The Illinois High School Association and Gov. J.B. Pritzker have different ideas about the fate of prep sports this winter.
Pritzker announced on Oct. 27 the Illinois Department of Public Health upgraded its guidelines to include basketball as a “higher risk” sport after it had been categorized as a “medium-risk” sport for months. He went on to say basketball was not “canceled” but just “put on hold.”
The IHSA, which was set to hold a special meeting the day after to discuss the different possibilities of high school sports this winter, alleges it was not aware of the governor and IDPH’s announcement until 15 minutes before Pritzker’s news conference.
“About 15 minutes prior to Governor Pritzker’s press conference today, we were alerted that the Illinois Department of Public Health has elevated the sport of basketball from a medium-risk level to a high-risk level,” IHSA executive director Craig Anderson said in a statement shortly after Pritzker’s news conference.
”We remain considerate of the recent rise in positive COVID-19 cases in our state. However, in our meeting with IDPH on [Oct. 23], we felt that we presented multiple options that would allow for basketball to be conducted safely by IHSA schools this winter, many of which are being utilized in neighboring states who plan to play high school basketball.”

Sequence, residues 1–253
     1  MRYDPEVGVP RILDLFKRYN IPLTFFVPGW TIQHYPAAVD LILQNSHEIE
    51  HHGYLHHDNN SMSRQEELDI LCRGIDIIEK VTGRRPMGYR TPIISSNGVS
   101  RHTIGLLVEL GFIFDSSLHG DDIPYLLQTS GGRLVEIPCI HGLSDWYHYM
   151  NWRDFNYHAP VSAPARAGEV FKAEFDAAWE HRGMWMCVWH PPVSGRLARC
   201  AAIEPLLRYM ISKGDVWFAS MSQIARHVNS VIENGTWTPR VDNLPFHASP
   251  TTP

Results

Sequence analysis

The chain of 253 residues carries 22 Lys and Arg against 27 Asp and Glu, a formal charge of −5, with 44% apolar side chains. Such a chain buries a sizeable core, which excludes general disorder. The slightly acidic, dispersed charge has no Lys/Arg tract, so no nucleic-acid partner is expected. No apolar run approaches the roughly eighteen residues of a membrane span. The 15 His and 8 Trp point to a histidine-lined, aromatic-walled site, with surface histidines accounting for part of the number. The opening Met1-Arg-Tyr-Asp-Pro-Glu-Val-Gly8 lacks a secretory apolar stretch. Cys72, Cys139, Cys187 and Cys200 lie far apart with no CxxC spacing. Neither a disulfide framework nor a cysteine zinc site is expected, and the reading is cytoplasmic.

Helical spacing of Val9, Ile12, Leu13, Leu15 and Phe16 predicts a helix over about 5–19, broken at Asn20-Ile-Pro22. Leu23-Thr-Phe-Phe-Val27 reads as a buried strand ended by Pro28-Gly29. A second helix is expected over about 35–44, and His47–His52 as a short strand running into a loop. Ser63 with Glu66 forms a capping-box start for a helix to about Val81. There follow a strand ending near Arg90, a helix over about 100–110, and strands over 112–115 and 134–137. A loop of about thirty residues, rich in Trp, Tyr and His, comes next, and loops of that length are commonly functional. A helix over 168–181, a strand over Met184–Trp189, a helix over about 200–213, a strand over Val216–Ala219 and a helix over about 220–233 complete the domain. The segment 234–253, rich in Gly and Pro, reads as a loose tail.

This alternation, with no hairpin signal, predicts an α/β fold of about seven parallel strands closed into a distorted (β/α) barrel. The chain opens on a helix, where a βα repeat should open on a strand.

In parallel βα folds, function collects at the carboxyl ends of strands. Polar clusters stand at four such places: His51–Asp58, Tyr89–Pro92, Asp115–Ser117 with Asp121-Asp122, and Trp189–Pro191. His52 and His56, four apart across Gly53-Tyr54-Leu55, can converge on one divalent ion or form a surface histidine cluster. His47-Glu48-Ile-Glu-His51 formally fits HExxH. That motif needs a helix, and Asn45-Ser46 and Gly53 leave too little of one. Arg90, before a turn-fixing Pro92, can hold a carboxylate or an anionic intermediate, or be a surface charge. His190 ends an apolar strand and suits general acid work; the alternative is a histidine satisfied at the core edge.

On Oct. 28, the IHSA defied Pritzker’s and the IDPH’s orders and released a statement that it will move forward with basketball this winter. Anderson said practices and games can start Nov. 16 and Nov. 30 respectively. Michael O’Brien of the Chicago Sun-Times also reported that Anderson stated the IHSA didn’t discuss the legal ramifications of its decision.
Pritzker announced on Oct. 29 higher-risk sports would be pushed to next spring or summer, giving a timetable for when sports like football and basketball could return to play. This was a response to criticism that the state was leaving athletic departments and their teams hanging with an indefinite postponement.
Meanwhile, the decision to follow Pritzker’s orders or the IHSA’s ruling is, at the moment, in the hands of local school officials. The question people are raising is what happens if one school decides to move forward with basketball on Nov. 16 and a school within the conference chooses to wait until the spring to start its season.
While it is expected athletic directors in the same conference will meet to get on the same page, time is of the essence with the IHSA starting basketball up in two weeks. There are also liability issues surrounding the potential of COVID-19 spreading if teams were to compete indoors this season.
Riverside-Brookfield High School, Lyons Township High School and Nazareth Academy did not return the Landmark’s request for an interview by the time this edition went to print.